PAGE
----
History of Holy Family Parish

Holy Family Parish opened in 2004, and yet its history dates back over 150 years.

The first Mass celebrated in Concord was in the 1840s with a pastor from St. Mary Parish in Waltham.  Concord's vital statistics in the 1840s indicate marriages and births of people with Irish surnames.  The homes of Irish families in the so-called Yellow Block adjacent to the Fitchburg Railroad had attracted Irish laborers.

The 1860s were an important decade for Concord Catholics.  In 1863, St. Bernard Parish was established in the building previously used as the Universalist Church.  In 1864, St. Bernard Cemetery was established on Bedford Street.  And in 1868, the Rectory on Monument Square was converted from the County House.  By 1870, St. Bernard's had its first resident priest.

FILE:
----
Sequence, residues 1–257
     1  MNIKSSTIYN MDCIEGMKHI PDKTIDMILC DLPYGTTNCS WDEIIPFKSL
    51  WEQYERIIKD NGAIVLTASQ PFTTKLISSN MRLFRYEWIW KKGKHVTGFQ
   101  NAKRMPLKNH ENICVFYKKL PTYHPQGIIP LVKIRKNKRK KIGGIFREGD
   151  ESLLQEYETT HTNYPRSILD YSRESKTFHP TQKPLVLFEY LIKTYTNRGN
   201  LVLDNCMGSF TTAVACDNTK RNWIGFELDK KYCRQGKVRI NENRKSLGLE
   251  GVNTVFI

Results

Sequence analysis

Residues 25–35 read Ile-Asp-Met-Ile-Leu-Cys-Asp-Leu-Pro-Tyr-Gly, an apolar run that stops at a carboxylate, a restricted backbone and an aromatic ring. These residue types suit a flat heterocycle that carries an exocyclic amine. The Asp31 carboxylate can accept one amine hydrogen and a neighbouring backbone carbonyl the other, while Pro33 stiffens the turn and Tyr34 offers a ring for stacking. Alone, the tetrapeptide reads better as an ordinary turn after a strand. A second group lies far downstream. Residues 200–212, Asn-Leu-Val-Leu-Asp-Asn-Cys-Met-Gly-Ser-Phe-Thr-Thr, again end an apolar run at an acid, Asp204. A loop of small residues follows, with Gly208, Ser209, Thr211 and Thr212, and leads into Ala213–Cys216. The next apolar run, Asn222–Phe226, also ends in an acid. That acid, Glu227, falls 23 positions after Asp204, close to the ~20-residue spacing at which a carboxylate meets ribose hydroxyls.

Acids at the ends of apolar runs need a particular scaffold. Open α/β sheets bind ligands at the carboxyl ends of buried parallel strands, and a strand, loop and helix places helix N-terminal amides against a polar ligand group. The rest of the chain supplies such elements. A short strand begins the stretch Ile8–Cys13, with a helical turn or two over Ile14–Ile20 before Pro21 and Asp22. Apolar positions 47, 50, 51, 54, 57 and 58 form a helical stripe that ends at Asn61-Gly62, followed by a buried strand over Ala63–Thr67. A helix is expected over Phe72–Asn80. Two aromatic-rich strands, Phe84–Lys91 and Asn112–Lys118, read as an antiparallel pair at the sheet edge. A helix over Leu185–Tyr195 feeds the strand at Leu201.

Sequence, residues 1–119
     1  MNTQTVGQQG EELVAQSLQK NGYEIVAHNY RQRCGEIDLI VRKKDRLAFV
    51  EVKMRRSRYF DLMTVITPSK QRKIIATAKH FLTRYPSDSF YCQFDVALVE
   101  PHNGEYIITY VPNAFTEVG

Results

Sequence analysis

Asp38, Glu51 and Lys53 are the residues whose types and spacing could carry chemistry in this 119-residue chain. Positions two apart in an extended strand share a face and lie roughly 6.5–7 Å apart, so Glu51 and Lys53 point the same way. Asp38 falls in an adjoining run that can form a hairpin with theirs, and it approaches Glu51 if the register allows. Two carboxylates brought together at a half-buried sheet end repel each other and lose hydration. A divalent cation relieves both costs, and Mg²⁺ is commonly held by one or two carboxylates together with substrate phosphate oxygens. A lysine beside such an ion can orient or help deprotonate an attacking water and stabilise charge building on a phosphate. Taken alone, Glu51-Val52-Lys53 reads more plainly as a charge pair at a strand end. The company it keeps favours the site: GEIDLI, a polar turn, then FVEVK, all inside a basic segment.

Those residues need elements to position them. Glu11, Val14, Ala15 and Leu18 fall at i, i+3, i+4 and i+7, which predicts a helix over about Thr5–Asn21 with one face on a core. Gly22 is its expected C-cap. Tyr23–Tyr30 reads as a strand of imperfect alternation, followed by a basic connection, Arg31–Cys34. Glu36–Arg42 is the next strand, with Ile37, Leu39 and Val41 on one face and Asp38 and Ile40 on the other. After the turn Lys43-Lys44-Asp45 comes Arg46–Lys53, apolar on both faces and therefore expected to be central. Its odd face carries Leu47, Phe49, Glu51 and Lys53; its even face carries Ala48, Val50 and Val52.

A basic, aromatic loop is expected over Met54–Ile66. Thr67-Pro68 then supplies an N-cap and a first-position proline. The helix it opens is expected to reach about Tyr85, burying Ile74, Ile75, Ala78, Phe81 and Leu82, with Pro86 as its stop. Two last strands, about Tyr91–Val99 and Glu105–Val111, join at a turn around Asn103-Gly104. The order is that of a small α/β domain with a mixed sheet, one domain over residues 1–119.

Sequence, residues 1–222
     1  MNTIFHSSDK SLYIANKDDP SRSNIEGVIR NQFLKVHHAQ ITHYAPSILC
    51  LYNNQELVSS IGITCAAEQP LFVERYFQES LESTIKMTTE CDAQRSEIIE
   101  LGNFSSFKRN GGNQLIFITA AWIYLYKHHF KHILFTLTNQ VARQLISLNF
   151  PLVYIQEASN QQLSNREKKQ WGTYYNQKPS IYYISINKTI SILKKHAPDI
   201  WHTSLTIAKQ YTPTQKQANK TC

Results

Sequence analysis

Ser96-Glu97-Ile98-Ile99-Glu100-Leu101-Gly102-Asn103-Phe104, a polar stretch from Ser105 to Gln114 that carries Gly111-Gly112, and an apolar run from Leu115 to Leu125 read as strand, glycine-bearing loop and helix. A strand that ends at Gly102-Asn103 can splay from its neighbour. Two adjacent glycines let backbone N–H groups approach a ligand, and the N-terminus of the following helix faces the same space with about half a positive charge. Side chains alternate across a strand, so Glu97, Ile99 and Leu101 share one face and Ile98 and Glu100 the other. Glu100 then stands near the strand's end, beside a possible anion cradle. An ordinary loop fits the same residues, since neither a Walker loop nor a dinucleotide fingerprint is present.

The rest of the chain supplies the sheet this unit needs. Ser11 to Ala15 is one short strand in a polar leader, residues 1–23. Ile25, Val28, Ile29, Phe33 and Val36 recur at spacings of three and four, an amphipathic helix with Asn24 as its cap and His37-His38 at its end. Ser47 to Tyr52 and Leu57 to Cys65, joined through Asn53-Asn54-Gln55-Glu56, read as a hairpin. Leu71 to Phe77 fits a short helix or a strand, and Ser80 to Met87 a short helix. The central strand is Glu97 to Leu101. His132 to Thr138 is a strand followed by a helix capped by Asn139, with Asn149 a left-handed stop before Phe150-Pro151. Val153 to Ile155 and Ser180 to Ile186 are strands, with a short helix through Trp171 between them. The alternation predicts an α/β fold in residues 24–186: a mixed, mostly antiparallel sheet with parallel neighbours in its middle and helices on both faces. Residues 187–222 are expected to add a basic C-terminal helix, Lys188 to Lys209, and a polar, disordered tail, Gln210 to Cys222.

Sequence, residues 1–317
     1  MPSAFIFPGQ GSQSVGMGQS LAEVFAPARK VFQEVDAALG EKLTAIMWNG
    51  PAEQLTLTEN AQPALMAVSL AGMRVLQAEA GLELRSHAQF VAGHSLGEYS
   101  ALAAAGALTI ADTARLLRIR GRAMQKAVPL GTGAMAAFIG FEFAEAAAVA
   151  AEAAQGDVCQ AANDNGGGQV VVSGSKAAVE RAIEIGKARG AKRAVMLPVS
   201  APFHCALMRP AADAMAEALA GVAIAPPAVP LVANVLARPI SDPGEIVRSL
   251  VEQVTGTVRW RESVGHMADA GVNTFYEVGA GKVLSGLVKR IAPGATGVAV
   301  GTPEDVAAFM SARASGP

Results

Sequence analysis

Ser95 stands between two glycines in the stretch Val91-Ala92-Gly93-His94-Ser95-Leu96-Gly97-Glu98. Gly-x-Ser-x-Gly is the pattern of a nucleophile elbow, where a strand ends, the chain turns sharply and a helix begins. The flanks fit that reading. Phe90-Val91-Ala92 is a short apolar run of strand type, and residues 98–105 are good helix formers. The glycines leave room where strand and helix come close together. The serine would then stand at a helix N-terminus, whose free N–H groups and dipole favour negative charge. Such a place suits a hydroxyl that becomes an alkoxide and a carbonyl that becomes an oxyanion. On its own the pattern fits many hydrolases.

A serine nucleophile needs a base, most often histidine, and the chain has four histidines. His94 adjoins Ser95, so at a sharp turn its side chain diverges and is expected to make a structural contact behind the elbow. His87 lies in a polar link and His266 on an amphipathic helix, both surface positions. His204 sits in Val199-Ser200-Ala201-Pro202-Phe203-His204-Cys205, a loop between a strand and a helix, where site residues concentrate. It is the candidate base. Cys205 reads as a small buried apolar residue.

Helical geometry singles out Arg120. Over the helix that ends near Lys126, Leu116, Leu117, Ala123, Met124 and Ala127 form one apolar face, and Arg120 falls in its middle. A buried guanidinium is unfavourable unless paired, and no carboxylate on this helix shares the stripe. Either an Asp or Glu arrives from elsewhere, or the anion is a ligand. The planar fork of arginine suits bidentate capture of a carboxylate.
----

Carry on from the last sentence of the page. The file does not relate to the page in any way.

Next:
In the 1890s, Concord's Catholic population surged with immigrants from Italy, who worked on farms and in the mills in West Concord.  The mills attracted Catholics of Scandinavian and Canadian descent as well, so that by 1902 the Catholic community in West Concord was hearing Mass celebrated in Association Hall on Commonwealth Avenue.

To fill the need of Concord's growing Catholic population, a second parish was opened in 1907, located on Church street in West Concord.  It was named Our Lady Help of Christians.  The Parish Offices adjacent to Our Lady's were built in 2013.

In 2004, both St. Bernard and Our Lady parishes were closed as part of the Archdiocese reconfiguration.  In double suppression, the two parishes were combined into the new Holy Family Parish.  The building itself remains St. Bernard Church, in accordance with canon law.

Sources:

A History of St. Bernard's Parish (1986) by William M. Bailey, Janet M. Beyer, and Anna M. Manion.

Our Lady Help of Christians Directory (2001) by Rev. Austin H. Fleming.